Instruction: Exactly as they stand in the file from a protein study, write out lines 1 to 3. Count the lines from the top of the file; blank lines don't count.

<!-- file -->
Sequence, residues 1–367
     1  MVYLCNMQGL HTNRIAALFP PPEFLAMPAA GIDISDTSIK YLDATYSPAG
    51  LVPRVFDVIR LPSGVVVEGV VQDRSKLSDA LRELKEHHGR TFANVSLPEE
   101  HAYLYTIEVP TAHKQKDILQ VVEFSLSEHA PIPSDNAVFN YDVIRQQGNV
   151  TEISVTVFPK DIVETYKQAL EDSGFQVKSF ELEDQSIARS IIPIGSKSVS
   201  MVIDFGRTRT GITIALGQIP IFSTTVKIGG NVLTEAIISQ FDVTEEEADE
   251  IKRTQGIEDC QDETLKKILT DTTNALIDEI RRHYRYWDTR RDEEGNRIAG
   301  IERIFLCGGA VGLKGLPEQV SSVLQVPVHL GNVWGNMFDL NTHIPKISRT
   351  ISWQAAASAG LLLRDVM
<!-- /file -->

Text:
Sequence, residues 1–367
     1  MVYLCNMQGL HTNRIAALFP PPEFLAMPAA GIDISDTSIK YLDATYSPAG
    51  LVPRVFDVIR LPSGVVVEGV VQDRSKLSDA LRELKEHHGR TFANVSLPEE